Evanston aldermen tonight are scheduled to discuss ways they could expand the city’s amusement tax to reach more entertainment venues.

Aldermen increased the rate charged for the amusement tax from 4% to 5% late last year as part of the 2020 budget process.

Chicago charges a 9% tax on amusements while Cook County charges 3%.

Other municipalities with amusement taxes include Bloomington and Wheeling, both at 4%.

Skokie officials, when the village board there adopted a new 2% tax on amusements last year, said that more than a dozen Chicago-area communities have such a tax.

Amusements are not subject to state and local sales taxes in Illinois — although those taxes do apply to food and other tangible items provided along with a performance. The combined state and local sales tax rate in Evanston now stands at 10.25%.

Each municipality has its own set of exemptions from its amusement tax — usually exempting some non-profit organizations or smaller venues or both.

Chicago, apparently alone among Illinois municipalities, has added coverage of online streaming services, like Netflix, to its amusement tax. It also taxes participatory events like pub crawls, tours and recreation classes that aren’t hit by Evanston’s ordinance.

And Skokie taxes items not covered in Evanston’s — including “virtual reality games, video games, internet cafe games, pinball machines or arcade games.”

Evanston’s amusement tax doesn’t cover athletic events — but it imposes two other taxes, totaling 12%, on such events.

Alderman Ann Rainey, 8th Ward, last fall suggested lifting the amusement tax exemption for some non-profit groups — including Theo Ubique on Howard Street and Northlight Theatre, assuming it completes its planned move back to Evanston.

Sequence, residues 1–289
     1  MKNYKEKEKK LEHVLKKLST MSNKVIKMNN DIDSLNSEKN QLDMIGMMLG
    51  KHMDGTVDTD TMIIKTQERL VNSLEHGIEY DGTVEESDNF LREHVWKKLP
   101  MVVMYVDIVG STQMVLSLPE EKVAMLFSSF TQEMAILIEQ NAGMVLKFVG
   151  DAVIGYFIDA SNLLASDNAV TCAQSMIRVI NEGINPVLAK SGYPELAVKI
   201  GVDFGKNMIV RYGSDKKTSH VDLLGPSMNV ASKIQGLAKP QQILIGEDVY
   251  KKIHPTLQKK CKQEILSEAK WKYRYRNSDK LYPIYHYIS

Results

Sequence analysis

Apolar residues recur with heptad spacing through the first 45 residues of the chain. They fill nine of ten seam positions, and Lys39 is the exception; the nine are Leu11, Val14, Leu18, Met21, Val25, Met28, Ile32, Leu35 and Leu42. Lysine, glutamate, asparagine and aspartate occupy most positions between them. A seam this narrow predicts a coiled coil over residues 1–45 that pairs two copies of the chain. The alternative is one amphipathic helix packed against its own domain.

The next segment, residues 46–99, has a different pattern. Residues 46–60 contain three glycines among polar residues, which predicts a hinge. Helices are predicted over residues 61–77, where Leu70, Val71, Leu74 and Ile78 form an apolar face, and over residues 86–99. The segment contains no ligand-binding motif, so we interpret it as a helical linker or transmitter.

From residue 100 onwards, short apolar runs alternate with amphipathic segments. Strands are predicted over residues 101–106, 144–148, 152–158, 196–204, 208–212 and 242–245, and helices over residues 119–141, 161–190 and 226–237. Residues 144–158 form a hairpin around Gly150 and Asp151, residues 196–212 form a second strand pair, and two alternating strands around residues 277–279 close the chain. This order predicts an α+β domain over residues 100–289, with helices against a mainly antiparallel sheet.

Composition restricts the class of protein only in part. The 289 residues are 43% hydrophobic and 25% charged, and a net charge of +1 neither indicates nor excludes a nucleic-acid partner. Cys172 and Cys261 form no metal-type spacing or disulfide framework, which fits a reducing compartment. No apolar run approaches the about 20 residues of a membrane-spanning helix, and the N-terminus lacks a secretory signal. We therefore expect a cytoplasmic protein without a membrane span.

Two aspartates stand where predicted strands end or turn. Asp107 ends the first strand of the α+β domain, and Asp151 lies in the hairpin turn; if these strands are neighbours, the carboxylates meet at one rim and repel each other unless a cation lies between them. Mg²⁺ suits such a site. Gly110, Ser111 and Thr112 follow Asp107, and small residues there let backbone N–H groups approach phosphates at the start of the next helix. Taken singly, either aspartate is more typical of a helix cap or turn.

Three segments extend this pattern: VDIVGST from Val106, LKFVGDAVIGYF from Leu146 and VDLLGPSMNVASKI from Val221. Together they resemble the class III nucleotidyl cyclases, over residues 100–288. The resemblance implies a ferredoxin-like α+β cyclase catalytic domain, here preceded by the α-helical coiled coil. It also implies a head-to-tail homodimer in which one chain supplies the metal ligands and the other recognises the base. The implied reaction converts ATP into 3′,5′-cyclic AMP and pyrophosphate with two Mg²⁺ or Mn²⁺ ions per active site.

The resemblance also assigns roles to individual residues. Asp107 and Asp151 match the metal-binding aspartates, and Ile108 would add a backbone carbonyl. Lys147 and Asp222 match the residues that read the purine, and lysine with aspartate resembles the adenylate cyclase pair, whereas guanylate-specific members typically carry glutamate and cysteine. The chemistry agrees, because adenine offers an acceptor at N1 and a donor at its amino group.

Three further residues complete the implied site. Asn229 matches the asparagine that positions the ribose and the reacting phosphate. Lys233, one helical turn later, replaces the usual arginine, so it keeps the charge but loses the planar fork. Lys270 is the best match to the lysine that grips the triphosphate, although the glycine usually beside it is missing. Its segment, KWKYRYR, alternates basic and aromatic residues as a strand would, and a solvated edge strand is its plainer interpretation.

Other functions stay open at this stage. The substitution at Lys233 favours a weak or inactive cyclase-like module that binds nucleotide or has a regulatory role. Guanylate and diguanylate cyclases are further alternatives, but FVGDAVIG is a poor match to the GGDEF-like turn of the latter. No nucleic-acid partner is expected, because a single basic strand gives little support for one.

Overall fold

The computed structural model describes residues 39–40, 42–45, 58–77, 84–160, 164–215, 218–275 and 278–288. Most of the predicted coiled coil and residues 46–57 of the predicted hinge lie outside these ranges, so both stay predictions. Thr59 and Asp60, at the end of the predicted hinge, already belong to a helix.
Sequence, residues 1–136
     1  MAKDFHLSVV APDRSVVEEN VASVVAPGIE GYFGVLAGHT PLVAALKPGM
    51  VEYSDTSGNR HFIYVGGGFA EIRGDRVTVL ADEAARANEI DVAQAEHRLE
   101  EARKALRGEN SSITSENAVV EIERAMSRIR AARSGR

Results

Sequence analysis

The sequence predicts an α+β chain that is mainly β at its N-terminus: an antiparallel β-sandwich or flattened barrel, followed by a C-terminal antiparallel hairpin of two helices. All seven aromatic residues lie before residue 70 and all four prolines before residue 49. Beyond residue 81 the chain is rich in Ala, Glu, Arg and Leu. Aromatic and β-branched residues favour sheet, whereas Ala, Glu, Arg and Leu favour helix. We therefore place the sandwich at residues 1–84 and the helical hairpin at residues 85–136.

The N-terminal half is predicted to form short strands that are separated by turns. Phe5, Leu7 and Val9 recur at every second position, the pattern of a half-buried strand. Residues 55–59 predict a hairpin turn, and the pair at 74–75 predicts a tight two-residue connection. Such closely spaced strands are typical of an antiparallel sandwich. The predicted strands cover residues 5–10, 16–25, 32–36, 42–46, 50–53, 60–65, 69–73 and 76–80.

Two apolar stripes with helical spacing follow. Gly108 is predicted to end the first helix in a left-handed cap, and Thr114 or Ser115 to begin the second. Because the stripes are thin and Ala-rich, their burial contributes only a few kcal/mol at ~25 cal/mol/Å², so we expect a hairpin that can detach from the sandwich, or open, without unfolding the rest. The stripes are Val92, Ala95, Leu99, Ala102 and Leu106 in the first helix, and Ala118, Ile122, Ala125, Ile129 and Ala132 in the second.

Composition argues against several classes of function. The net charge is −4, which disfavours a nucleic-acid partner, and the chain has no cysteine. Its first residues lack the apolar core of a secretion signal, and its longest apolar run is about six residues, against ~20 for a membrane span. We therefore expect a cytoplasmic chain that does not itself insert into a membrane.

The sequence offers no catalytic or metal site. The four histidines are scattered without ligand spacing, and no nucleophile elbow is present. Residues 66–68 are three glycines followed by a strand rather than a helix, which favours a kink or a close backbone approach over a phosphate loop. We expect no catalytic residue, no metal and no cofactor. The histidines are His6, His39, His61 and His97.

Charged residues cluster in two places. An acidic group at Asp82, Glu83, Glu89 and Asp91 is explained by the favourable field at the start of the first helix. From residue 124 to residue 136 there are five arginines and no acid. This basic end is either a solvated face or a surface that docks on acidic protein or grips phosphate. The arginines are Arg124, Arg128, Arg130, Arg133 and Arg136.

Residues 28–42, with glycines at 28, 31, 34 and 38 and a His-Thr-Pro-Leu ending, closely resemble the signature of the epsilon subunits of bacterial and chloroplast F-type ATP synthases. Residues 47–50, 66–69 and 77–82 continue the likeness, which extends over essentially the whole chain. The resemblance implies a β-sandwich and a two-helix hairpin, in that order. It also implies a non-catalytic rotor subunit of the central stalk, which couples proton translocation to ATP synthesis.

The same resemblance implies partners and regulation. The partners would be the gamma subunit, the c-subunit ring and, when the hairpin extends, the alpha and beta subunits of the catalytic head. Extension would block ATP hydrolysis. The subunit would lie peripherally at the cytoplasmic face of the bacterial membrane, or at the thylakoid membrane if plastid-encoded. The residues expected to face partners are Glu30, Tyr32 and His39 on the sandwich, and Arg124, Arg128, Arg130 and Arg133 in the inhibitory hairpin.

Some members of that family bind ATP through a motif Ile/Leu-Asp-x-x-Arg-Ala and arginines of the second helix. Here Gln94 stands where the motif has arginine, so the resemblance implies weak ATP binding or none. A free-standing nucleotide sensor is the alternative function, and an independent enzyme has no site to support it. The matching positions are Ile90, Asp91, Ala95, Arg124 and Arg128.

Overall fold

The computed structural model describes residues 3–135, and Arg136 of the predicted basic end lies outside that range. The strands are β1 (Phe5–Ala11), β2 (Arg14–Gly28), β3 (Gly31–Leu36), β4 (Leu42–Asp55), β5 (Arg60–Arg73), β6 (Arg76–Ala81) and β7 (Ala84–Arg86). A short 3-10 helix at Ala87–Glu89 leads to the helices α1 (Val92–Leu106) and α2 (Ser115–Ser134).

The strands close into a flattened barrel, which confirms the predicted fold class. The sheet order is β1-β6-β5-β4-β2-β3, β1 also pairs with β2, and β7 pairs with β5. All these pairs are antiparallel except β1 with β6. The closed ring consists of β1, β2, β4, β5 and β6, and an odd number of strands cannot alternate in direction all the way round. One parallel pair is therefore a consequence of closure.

But Alderman Don Wilson, 4th Ward, said he wouldn’t want the tax, for example, to hit the YAMO student production at Evanston Township High School.

City staff tonight will seek guidance from the aldermen on what provisions they’d like to include in a revised amusement tax ordinance, or whether they want to leave the existing tax unchanged.

Related story

City looks to tax non-profit theater groups (11/19/19)

Bill Smith is the editor and publisher of Evanston Now.

Join the Conversation


  1. Amusement Tax Thoughts (Film Is Art, Too)

    Keeping the non-profit exemption is good.  But it should also include non-profit cinemas and film screenings.

    The size limit of 100 is not ideal (and so much more restrictive than Chicago and Cook County).  But it will allow small storefront theatre and other cultural activities.  Here, too, we should include filmmakers and video artists.  100 seats is very small.  The city can still tax Century theatres.  

    The Amusement Tax can’t just be about getting hands on more revenue.  How a city regulates and taxes the arts has a great impact on what art happens and where artists live.  The reality is that Northwestern is one of the world’s great theatre schools.  Chicago is one of the world’s great arts cities.  Evanston’s easy access to great culture makes it easy to forget that not a lot of it is happening off-campus.

  2. Alternatively, the city could

    Alternatively, the city could take a meaningful look at level-setting its cost structure to be in line with economic realities.  The $10m of tax revenue being earmarked for reparations over the next 10 years places another economic reality in the arena. 

    As a recent thread in Nextdoor debated — should the city prioritize spending $$ on trees or on humans?  

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